The large format retail industry is at a turning point. After years of rapid expansion where local grocery stores were all but wiped out, the prospect of decline is now looming. One needn’t look very far to see headlines of “dead malls” or “retail bankruptcies” dominating our news-feeds, while simultaneously companies like Amazon or JD are seemingly growing at everyone else’s expense. While we strongly believe in the future of physical retail, the aforementioned situation of struggling operators isn’t exactly an exaggeration. At some point we must recognize that e commerce does in fact have its inherent advantages, and that bricks and mortar stores are also capable of exploiting these advantages in order to continue their long-held success. In today’s article, we’ll take a look at the various new technologies being adopted by global retailers, and what impact this investment into technology is having on their bottom lines. We’ll also take a look at what IMAGR has to offer in this battle for supremacy in the hyper-competitive world of retail.
Rightly or wrongly, when people think of Walmart and their technology, they probably think of the silly machines at the entrance which you can sell your cell phone to for $50. Needless to say, this is a superficial gimmick which will have absolutely no impact on Walmart’s business success. What will have an impact however, is the technology Walmart is beginning to implement behind the scenes, and it involves the use of artificial intelligence. Walmart is a massive company, and as such it has the resources to invest on multiple fronts without the expectation of success from any individual project. From our perspective, it is obvious that some of the technology they are introducing will have a noticeable impact on their business, while others not so much. In terms of AI, Walmart is attempting to leverage facial recognition technology to identify different levels of frustration on their customer’s faces. In theory this means store attendants can be dispatched to help those who are most “frustrated”.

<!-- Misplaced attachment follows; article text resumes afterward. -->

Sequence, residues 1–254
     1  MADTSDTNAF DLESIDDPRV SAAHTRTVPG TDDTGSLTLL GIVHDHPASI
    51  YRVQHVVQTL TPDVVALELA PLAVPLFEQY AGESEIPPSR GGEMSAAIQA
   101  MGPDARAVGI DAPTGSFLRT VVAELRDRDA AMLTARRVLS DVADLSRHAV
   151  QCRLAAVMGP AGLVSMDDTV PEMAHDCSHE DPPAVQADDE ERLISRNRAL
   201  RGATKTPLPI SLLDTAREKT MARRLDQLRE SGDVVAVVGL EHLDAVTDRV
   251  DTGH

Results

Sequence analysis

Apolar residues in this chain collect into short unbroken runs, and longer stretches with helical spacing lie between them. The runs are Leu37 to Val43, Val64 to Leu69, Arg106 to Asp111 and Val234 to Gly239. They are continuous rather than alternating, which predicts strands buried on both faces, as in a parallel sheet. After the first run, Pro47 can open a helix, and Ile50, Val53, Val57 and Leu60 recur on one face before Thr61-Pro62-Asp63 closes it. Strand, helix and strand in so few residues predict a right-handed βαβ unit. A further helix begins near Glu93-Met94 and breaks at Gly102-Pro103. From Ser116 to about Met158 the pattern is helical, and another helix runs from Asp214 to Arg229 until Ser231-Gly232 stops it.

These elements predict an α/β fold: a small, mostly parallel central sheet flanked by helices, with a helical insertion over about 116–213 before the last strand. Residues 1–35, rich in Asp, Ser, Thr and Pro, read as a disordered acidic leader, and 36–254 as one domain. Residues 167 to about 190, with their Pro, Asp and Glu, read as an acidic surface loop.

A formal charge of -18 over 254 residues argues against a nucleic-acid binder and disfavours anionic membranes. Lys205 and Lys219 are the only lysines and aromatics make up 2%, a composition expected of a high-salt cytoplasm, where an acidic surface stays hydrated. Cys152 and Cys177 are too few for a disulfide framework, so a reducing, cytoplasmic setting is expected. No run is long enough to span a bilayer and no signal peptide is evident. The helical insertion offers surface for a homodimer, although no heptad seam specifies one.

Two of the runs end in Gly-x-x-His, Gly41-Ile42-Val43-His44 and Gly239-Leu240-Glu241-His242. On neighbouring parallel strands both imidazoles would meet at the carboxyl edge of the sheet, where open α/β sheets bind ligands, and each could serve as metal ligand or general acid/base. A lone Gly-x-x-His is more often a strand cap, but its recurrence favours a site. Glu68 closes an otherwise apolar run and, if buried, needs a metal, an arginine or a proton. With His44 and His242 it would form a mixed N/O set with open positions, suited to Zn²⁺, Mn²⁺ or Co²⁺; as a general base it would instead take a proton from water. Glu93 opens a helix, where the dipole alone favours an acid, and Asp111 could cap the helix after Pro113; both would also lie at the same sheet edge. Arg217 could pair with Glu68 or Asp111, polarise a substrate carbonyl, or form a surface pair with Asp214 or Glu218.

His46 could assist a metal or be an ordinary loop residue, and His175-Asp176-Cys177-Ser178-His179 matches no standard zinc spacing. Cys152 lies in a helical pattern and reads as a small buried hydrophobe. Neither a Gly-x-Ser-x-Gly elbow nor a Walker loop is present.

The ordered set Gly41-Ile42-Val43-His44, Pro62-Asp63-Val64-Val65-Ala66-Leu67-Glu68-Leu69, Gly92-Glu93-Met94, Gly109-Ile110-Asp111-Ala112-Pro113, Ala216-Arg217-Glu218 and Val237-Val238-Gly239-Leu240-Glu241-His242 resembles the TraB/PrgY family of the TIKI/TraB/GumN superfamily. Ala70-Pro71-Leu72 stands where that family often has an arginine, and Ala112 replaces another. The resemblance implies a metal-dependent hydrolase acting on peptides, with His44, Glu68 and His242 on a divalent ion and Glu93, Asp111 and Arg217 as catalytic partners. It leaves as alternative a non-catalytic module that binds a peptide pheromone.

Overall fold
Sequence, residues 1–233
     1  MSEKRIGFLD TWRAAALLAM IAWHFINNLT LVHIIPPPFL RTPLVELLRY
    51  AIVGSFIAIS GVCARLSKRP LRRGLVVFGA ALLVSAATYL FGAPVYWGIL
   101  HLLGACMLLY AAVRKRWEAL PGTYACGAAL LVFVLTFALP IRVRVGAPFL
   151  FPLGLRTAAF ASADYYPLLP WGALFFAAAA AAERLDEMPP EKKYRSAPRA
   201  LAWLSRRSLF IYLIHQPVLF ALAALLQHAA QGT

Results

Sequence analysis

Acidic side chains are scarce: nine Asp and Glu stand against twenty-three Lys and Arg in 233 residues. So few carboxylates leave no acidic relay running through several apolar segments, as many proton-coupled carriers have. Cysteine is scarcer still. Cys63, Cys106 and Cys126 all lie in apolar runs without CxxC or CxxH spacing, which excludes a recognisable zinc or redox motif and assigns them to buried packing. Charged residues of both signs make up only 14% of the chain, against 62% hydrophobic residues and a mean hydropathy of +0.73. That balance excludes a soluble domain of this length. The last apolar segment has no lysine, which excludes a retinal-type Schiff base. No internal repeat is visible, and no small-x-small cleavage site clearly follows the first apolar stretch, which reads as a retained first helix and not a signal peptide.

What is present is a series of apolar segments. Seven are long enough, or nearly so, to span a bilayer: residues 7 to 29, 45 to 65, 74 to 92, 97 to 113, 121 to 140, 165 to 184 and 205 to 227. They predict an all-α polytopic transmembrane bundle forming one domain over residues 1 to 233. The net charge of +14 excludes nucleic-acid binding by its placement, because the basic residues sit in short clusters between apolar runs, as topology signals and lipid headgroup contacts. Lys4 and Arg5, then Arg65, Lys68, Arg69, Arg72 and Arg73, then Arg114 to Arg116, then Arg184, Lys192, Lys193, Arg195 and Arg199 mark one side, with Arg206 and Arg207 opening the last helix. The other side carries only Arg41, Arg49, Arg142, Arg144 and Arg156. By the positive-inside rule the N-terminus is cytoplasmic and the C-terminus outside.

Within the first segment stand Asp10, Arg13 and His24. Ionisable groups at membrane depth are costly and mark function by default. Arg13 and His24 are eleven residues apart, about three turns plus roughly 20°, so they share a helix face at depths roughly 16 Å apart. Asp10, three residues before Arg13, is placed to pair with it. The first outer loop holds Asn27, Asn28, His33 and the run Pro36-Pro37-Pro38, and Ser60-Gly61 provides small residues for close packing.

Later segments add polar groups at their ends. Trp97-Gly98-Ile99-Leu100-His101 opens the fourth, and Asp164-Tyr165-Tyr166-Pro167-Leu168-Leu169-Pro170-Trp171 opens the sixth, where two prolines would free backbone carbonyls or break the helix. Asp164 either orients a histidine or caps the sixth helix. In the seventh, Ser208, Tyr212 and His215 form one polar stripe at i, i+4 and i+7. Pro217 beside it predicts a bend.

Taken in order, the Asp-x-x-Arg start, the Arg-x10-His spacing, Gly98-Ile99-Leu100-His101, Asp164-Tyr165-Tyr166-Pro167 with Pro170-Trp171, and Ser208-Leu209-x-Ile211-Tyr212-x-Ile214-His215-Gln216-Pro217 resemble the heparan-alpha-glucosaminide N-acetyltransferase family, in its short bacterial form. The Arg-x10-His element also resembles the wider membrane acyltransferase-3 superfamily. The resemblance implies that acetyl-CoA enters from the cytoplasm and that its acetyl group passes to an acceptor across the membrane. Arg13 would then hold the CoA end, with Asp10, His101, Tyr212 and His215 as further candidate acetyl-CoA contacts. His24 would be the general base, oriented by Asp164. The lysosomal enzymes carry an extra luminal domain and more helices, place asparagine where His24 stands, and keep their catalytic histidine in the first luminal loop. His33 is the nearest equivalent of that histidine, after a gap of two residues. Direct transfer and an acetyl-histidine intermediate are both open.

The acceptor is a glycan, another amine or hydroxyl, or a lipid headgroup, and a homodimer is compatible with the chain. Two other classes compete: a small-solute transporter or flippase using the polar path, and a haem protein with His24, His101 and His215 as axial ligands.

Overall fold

Separately, the company (was) also in the process of introducing their own cashier-less shopping solution which relied on customers scanning their own items with an app. The interesting thing about this venture was its abandonment just four months into the roll-out. For us, this says a lot about convenience, technology, and retail.
It isn’t difficult to understand that aside from price, convenience and personalization are what ranks highest for retail customers. With that being said, it shouldn’t be overly difficult to see why Walmart suffered from “low participation” with its “Scan & Go” solution- just look at the picture below:
The “solution” essentially attempts to push the job of cashier onto the customer, which makes the shopping experience less convenient. The question becomes “why would a customer chose to use this solution if it’s clearly less convenient than waiting in line at the checkout?”